- University of California Irvine College of Health Sciences
- Azusa Pacific University
- Brandman University
- California State University Fresno
- California State University Long Beach
- Holy Names University
- Samuel Merritt University
- San Francisco State University
- Sonoma State University
- University of California Davis School of Medicine
- University of San Francisco
- University of California San Francisco
1) What Types of Nurse Practitioner Degrees Exist and What are They Called?
Whether already a registered nurse (R.N.) or just starting an education, a degree is a key aspect to becoming a nurse practitioner (N.P.). Below are just some of the degrees available.
- Licensed Practical Nurse (L.P.N.)
This nursing diploma only takes a year to earn after high school and can be an important step in becoming a nurse practitioner.
- Associate Degree in Nursing (A.D.N.)
This two year degree focuses on technical nursing skills, along with core math, science, and English classes.
- Bachelor of Science in Nursing (B.S.N.)
Four years of study is the requirement for this bachelor level degree and includes two years of basic classes and two more in nursing.
- Master of Science in Nursing (M.S.N.)
A graduate degree, this is one of the more common choices for nurse practitioners. It takes two years to earn after a bachelor’s degree is completed.
- Doctor of Nursing Practice (D.N.P.)
Another graduate degree, advanced studies include the clinical aspects of nursing in more detail.
- Doctor of Philosophy in Nursing (Ph.D. in Nursing)
Similar to the above, this degree focuses on the more academic and teaching areas of nursing.
Becoming a nurse practitioner involves earning an accredited degree, usually at the master’s or higher level. Those who already have nursing degrees can also return to school for an M.S.N. or similar degree. Many schools offer L.V.N. to R.N, A.D.N. to B.S.N. and B.S.N. to M.S.N. programs along with everything in between. If you are already a nurse, take advantage of what you have already learned to get credit for the degree you need to become a nurse practitioner.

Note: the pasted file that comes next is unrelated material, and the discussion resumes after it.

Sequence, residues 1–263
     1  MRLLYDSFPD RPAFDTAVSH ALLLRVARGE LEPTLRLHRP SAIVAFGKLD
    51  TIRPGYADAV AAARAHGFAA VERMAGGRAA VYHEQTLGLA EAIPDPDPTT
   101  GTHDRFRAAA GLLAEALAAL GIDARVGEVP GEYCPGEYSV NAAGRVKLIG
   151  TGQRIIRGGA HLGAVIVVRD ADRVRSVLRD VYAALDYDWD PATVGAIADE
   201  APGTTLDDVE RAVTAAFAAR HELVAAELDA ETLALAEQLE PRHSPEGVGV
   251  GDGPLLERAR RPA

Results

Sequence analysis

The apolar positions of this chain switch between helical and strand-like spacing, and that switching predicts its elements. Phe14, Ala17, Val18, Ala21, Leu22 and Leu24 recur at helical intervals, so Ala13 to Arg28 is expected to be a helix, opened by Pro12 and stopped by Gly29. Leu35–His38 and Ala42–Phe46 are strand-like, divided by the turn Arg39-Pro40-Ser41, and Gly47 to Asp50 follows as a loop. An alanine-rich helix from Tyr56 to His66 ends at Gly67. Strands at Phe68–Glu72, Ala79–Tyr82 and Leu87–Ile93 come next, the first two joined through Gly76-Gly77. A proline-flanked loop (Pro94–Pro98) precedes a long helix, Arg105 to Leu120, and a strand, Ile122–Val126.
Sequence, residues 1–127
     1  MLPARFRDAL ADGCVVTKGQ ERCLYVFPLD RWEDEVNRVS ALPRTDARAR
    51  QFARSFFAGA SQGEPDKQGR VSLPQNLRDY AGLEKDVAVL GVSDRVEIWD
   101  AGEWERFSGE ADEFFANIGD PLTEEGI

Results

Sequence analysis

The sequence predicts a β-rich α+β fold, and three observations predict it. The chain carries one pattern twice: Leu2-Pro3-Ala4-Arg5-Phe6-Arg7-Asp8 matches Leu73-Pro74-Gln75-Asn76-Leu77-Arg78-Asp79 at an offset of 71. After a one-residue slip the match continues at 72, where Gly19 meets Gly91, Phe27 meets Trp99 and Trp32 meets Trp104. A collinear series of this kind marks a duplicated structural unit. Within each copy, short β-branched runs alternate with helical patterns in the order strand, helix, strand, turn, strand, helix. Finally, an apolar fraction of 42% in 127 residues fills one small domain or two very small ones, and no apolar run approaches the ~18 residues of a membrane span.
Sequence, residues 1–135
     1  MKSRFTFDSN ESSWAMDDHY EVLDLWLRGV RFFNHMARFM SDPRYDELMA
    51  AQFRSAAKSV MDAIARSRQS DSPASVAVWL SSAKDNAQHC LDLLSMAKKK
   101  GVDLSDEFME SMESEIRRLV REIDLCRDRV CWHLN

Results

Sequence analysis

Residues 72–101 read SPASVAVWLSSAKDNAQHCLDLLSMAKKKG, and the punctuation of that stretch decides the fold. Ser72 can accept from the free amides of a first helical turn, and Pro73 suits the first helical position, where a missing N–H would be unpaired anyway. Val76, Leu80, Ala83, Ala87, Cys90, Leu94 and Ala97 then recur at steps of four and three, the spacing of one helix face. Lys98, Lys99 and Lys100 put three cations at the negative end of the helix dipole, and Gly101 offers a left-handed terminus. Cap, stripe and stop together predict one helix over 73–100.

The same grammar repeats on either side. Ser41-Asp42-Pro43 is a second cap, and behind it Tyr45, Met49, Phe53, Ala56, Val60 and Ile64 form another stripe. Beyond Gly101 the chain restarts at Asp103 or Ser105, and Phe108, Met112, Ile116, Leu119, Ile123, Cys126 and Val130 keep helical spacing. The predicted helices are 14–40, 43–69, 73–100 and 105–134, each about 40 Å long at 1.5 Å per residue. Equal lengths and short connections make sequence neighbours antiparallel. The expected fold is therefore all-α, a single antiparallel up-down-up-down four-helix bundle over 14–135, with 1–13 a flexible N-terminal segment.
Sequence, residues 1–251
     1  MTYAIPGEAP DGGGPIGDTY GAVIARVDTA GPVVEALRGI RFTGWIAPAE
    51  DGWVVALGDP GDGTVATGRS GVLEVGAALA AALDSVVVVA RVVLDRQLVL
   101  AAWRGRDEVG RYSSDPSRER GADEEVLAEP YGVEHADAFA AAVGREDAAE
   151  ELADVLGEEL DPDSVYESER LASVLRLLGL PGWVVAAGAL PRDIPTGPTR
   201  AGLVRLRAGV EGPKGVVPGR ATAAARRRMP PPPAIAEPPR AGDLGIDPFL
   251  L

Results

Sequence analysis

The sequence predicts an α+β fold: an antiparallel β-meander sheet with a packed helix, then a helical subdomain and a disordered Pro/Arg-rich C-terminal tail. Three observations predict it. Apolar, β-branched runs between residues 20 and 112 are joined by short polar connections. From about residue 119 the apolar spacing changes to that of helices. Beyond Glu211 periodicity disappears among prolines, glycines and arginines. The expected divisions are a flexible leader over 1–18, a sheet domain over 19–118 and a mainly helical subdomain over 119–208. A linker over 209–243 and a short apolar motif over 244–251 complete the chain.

2) Where Can I Find Nurse Practitioner Degree Rankings?
There are three common degrees to becoming a registered nurse, which is necessary when becoming a nurse practitioner. They include the Associate’s Degree in Nursing (A.D.N.), Bachelor of Science in Nursing (B.S.N.), and Master of Science in Nursing (M.S.N.). If looking to get one or more degrees in nursing, the most important thing to learn about a school is whether or not it is accredited. The easiest way to do so is to visit the Database of Accredited Postsecondary Institutions and Programs. A quick search can tell if a school is accredited and what agency it is accredited by.
There are also several agencies that accredit nurse practitioner degrees and programs on their own. The American Academy of Nurse Practitioners is just one of them. With 25 years of experience, they have a special section for nurses pursuing a continuing education. They even list approved online activities, many of which also offer pharmacology credit. They also have independent study programs and other nursing tools.
Other accrediting agencies include the American Nurses Credentialing Center. Anyone from R.N.’s to nurse practitioner can visit to check out the recognized Magnet programs and the Pathway to Excellence. Students can also visit the National League for Nursing Accrediting Commission. You can search for an accredited nursing program by state or even country. You can also narrow the results to everything from a practical nursing degree to doctorate.
Because each state has its own regulations regarding nurse practitioners, be sure and know if the school you are interested in is recognized and approved to provide education for nurse practitioners. This includes the exam to become a registered nurse, the proper degree, and any approved advanced training program that may be required.
3) Can I Transfer Nurse Practitioner Degree Credits?
If you are already a nurse or have some college courses completed, transfer credits are important to cutting down on tuition costs, as well as time spent studying. Transfer credits allow the student to get credit for classes taken and passed, such as the basics in math, science, and history. This is a common practice when switching schools, majors, and using past education to become a nurse practitioner.
One of the most common ways transfer credits are lost is between nationally accredited and regionally accredited schools. While accreditation is key to any degree, schools that are nationally accredited may not accept or give out transfer credits to schools that are regionally accredited and vice versa. Because transfer credits are so important, learn as soon as possible if, how many, and what classes you can transfer from your current or future school and where they transfer to.